Four parishes – Holy Eucharist Parish, Ascension of Our Lord Parish, Mary Help of Christians National Shrine, and Presentation of the Child Jesus Parish – remitted a total of P129,201.25 in donations.
The ledger report as of May 2012 belies Mercado’s claim that “donations are regularly remitted to the intended beneficiaries.”
In his prepared statement to the media, Mercado said late donations were “added to the calamity fund.”
What he did not mention, however, is that the unremitted funds were deposited in a BPI special account which yields higher interest earnings for the diocese.
While the money is locked up in the bank, priests had complained that funding for the diocese’s social programs are not being released.
“The bishop will often say to priests and lay that there are no funds available,” the priests said.
On the contrary, the diocese's balance sheet showed it had P91.5 million in its BPI special deposit account.
Priests and lay leaders have been demanding financial transparency from Mercado, after some parishioners started questioning where their generous donations went.
When priests asked for a financial report, they were given the runaround and were not provided with copies.
Without admitting that he has withheld releasing any financial reports to his priests, Mercado said his priests should realize there is a process that must be observed for such.
Replying to the allegations, Mercado gave assurances “a detailed report is being prepared. All expenses are studied, reviewed and properly document in the spirit of stewardship, transparency and accountability.”
But disgruntled priests and lay leaders said this is not the first time that Mercado engaged in doublespeak.
They cited the case of the money that was left in trust by the Belgian missionary Congregatio Immaculati Cordis Mariae (CICM) or the Congregation of the Immaculate Heart of Mary to the Archdiocese of Manila (RCAM) prior to their exit from the Parañaque diocese.
Eventually, the money was supposed to be turned over to the St. Andrew Cathedral parish, but was it?
St Andrew's School
The CICM founded the St. Andrew's School but in 1994, the Belgian Fathers turned over administration of the school to the secular clergy. They also left a trust fund to the St Andrew Cathedral Parish, which as of 2009, stood at $291,422.28
The Cathedral’s former parish administrator found out about the money while doing an accounting of the parish’s finances.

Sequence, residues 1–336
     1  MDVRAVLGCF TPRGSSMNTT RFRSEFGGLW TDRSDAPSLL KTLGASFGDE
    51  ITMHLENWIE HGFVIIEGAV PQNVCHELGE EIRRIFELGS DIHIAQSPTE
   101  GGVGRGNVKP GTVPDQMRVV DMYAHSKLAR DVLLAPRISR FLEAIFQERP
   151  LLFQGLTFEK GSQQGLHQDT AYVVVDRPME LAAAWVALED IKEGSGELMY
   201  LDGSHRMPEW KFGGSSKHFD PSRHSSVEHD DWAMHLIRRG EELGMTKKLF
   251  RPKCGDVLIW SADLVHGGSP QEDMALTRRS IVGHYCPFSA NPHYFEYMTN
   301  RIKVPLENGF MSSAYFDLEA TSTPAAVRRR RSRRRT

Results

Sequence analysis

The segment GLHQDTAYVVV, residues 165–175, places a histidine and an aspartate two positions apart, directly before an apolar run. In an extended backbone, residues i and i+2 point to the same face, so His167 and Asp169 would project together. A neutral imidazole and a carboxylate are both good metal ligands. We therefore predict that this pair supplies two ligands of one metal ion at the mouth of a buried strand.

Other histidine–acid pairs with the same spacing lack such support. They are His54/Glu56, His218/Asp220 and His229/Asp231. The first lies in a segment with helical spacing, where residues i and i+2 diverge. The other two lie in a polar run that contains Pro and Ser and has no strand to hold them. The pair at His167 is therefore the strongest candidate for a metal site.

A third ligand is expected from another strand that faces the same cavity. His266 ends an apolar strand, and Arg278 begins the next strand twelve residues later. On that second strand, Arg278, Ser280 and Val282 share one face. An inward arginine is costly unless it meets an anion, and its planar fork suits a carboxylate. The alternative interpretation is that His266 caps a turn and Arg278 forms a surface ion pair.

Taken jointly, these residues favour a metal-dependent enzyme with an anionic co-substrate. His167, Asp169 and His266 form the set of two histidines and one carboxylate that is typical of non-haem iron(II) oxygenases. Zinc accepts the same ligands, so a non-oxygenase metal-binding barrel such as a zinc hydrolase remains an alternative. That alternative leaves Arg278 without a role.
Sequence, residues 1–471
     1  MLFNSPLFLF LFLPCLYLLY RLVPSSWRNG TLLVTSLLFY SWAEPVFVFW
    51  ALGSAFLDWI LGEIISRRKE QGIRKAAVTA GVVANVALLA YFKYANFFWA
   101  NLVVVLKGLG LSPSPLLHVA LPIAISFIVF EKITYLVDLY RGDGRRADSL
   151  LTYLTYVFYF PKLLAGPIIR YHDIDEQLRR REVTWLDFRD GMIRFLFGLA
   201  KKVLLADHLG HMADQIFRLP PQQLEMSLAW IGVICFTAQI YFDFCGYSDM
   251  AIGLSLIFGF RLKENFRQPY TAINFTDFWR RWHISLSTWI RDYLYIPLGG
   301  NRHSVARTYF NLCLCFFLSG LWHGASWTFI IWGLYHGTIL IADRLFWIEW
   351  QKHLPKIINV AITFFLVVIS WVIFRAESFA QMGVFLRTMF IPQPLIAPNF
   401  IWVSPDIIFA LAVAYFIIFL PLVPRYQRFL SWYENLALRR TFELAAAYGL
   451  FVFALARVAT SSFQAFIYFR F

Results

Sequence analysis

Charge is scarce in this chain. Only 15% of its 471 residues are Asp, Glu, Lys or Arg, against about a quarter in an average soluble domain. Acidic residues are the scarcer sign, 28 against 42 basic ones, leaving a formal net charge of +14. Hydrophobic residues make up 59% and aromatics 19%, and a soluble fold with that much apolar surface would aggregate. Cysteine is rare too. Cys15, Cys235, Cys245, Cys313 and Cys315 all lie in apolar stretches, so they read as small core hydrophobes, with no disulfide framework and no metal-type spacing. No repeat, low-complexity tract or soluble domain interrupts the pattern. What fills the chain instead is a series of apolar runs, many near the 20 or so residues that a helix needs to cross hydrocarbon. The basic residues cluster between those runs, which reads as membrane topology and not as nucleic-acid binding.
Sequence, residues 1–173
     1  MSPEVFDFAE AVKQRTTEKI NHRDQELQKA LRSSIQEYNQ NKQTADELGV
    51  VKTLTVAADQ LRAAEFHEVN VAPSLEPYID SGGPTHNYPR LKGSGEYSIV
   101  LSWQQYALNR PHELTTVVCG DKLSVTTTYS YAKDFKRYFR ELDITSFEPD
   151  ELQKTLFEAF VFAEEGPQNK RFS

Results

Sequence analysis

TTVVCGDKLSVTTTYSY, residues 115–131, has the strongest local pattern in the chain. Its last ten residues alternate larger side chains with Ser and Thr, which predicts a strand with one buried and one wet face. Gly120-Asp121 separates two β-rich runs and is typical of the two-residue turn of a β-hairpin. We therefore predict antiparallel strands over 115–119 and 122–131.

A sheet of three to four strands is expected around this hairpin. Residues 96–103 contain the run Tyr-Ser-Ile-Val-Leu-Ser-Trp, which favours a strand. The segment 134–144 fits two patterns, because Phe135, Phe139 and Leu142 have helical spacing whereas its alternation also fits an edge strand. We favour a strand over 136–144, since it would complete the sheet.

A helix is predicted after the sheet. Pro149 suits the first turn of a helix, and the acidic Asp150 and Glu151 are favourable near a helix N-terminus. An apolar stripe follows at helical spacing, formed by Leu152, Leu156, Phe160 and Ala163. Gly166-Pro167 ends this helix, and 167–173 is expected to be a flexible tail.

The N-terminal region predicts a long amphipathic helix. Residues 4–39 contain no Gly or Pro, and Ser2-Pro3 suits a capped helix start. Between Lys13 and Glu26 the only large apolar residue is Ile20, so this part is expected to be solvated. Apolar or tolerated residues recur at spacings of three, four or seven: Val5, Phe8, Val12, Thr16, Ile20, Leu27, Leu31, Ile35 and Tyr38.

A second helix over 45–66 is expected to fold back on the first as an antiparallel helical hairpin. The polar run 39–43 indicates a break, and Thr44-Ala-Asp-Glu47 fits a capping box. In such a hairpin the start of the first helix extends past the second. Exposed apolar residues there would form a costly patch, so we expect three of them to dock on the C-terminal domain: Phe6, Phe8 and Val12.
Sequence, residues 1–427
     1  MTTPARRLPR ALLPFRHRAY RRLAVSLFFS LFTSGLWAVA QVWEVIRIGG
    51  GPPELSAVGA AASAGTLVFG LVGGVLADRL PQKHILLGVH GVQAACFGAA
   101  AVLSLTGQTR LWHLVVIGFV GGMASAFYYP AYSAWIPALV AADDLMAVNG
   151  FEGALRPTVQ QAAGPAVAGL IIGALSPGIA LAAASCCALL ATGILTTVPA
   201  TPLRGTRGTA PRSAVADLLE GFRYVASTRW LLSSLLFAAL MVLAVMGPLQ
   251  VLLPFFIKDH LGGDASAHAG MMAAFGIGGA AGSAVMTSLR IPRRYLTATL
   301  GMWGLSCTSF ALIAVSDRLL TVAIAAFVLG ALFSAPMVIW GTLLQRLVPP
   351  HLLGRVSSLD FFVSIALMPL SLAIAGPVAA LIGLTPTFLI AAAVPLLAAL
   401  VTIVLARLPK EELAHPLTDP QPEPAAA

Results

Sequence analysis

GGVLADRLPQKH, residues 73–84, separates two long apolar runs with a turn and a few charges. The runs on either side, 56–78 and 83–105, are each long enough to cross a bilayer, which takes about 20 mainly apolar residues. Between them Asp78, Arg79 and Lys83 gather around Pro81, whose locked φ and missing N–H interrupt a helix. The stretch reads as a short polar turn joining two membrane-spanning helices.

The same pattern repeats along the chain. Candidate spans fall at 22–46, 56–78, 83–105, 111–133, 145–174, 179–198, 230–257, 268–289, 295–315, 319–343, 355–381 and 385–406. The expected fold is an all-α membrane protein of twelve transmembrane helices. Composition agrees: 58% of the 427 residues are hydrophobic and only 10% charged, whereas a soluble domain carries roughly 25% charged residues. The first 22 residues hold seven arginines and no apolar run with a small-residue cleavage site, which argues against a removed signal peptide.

At the time, the cathedral was undergoing renovation and like manna from heaven, the parish administrator thought that money could finance the construction work. The money was estimated at P13.679 million, as the exchange rate at that time stood at $1-P46.
Armed with the information, lay leaders wrote Mercado inquiring about the status of the money and asked him to release it “in keeping with the intention of the donors, namely to use the funds for Church construction and for the catechetical and the social development programs of the Cathedral Parish.”
In his reply dated April 23, 2010, Mercado replied, “We are still in the process of verifying with RCAM the remaining balance of the said trust fund.”
Mercado added, “Pending result of said verification, RCAM is not in a position to release any amount at the moment.”
In other words, Mercado told them, the money was still under the custody of RCAM.
What Mercado did not know was that the former parish administrator had already confirmed that the money had already been transferred to the Parañaque diocese.
The lay leaders sought a meeting to clarify the matter. In the meeting were Mercado and his executive secretary, Annie Cruz.
Priests say it is actually Cruz who exercises control over the diocese’s finances, and not the diocese’s treasurer or oeconomus.
Initially, Cruz was evasive about the status of the money.
But the lay leaders had had enough.
The parish’s finance council head, Adelia Lopez, informed the bishop and Cruz they knew that the money had already been turned over by the RCAM to the diocese as early as May 2009.
Caught by surprise with this revelation, Cruz, the bishop’s executive secretary, was finally forced to admit that the money was, in fact, with the diocese.
Faced with the facts, Mercado released a total P8 million in 2010, but the balance, up to this time, has not been released. Going by 2009 exchange rates, this would be at least P5.7 million.
The former parish administrator told Rappler that were it not for an investigation conducted, “the trust fund would have remained a secret.”
In fact, the deliberate attempt to hide the Belgian money was among the complaints raised against Mercado before the Nuncio.